I've noticed a few places that they're starting to talk about "providing or saving" three million jobs -- an obvious political out in the event that unemployment continues up after the program is in full gear.

Also, does anyone else sense an impending change in the way unemployment numbers are calculated? After all, if Clinton can do it, why can't Obama -- especially since he's basically bringing the whole Clinton team back with him. It's a lot easier to win with statistics if you can fudge the numbers.

metalman
01-17-09, 12:02 PM
What will the impact be on unemployment stats when Obama's jobs programs get going? Fewer people out of work in the short term, and more in the long term?

I've noticed a few places that they're starting to talk about "providing or saving" three million jobs -- an obvious political out in the event that unemployment continues up after the program is in full gear.

Also, does anyone else sense an impending change in the way unemployment numbers are calculated? After all, if Clinton can do it, why can't Obama -- especially since he's basically bringing the whole Clinton team back with him. It's a lot easier to win with statistics if you can fudge the numbers.

the idea is flawed... we have a service/fire econ. they ain't suited for road repairs.

numbers fudging is the last refuge of the scoundrel. if the definition of 'unemployment' changes that tells us everything we need to know about obama.

LargoWinch
01-19-09, 10:02 AM
if the definition of 'unemployment' changes that tells us everything we need to know about obama.

...or the fact that he will spend more of US taxpayers money on god only knows what.

More of the same Keysian crap, except that the package is a lot more presentable than during the previous Presidency.

Sharky
01-23-09, 09:32 PM
the idea is flawed... we have a service/fire econ. they ain't suited for road repairs.

Is it really even possible for the government to create new jobs? The jobs would be paid for by either borrowing or new taxes -- but those funds would have been put to work producing jobs in the private sector if they weren't borrowed or taxed.

So where do the new jobs come from? Maybe borrowing from overseas investors?

Or perhaps "new jobs" means something different to the Obama administration than it does to the rest of us?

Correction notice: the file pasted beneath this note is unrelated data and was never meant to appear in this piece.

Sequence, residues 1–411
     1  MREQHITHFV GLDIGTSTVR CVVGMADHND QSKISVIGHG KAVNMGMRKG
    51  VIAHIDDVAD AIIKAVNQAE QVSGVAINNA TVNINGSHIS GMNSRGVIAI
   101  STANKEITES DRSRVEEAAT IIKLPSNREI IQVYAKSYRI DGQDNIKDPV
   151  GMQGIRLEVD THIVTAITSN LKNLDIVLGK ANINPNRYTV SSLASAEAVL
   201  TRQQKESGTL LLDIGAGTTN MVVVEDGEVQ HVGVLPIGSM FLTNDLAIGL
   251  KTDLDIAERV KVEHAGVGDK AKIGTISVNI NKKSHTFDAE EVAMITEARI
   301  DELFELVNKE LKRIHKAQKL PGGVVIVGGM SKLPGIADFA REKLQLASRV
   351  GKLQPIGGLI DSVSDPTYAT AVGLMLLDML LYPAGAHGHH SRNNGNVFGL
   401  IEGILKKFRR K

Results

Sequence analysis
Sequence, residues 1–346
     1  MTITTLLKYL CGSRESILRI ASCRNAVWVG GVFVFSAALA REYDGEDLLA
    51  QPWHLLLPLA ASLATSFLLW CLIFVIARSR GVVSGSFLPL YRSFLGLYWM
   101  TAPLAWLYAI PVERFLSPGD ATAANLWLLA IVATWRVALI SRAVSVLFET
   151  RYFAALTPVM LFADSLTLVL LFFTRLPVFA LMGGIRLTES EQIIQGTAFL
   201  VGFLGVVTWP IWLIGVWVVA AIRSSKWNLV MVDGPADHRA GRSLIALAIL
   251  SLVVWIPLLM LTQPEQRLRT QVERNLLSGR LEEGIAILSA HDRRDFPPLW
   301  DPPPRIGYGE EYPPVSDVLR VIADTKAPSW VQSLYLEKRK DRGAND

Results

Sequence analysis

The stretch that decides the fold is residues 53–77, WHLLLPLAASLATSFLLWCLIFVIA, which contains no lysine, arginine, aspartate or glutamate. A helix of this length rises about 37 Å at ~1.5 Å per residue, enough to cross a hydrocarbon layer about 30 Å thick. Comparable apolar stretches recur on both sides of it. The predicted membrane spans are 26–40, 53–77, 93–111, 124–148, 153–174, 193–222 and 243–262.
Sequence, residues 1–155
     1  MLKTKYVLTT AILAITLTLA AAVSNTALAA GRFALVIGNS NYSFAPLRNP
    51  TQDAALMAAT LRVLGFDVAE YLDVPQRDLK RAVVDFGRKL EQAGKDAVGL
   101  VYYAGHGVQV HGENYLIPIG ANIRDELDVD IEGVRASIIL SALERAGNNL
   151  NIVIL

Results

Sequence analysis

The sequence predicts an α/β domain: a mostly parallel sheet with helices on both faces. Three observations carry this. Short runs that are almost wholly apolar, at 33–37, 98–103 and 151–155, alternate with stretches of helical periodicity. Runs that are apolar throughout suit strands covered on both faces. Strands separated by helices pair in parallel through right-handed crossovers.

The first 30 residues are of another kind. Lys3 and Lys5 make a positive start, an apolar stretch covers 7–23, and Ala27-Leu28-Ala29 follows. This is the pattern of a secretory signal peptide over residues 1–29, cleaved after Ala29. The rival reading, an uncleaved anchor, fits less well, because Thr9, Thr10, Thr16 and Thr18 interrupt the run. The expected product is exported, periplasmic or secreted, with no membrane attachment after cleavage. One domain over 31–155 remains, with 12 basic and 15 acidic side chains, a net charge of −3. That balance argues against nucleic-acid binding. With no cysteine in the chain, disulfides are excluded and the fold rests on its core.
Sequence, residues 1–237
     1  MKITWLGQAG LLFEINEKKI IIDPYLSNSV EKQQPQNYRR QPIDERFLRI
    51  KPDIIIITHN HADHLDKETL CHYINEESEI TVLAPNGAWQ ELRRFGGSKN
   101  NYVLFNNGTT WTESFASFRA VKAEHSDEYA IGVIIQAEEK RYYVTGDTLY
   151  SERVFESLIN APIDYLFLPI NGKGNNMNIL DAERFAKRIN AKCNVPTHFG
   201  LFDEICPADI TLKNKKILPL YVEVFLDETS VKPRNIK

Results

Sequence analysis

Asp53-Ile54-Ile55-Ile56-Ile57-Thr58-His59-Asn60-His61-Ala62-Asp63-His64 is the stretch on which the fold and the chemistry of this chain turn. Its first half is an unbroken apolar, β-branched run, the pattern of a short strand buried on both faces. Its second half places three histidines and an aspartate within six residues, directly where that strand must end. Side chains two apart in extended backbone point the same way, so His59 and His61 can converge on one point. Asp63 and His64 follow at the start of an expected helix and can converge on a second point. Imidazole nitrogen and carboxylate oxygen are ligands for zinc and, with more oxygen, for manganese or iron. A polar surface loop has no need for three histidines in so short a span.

GRG55
01-23-09, 09:41 PM
the idea is flawed... we have a service/fire econ. they ain't suited for road repairs...

Oh puleeeze. The very thought of Wall Streeters getting dirt under their carefully manicured fingernails. Horrors.

They don't need to be suited for road repairs, metal. The FIRE economy jobs will be saved by nationalizing the financial sector. Voila. Instant public sector employees...and not a single Lunchbucket Larry to spoil the day.

ryph
01-25-09, 01:23 PM
why doesn't Fred answer the question: 12% or 20%? Please don't parse the answer with references to old stat formulas. Do you have different opinions? Have you revised your estimate?

Both.

12% in 2009. 20% in 2010. This jobs update and revisions are all for peaks in the year 2009, not total in this downturn.

metalman
01-25-09, 01:28 PM
Both.

12% in 2009. 20% in 2010. This jobs update and revisions are all for peaks in the year 2009, not total in this downturn.

that is his answer... starting to appear optimistic at this time.

we_are_toast
01-28-09, 09:49 AM
How can unemployment peak at 9% in two years when unemployment is already 7.2%, up from 5% a year ago? Doesn't make sense. Roubini needs to sharpen his pencil and run the numbers again.

Apparently Dr. Roubini got a new pencil but failed to sharpen it.


Roubini said economic growth in China will slow to less than 5 percent and the U.S. will lose 6 million jobs. The American economy will expand 1 percent at most in 2010 as private spending falls and unemployment climbs to at least 9 percent, he added. Given the current 7.2% unemployment, how does a 6 million job loss stay anywhere near 9%? And it would seem to be a real trick for the U.S. economy to expand and still loose 6 million jobs.

http://www.bloomberg.com/apps/news?pid=newsarchive&sid=ao5mihirSB1Y

sn1p3r
02-08-09, 09:13 PM
Any more changes based on January #?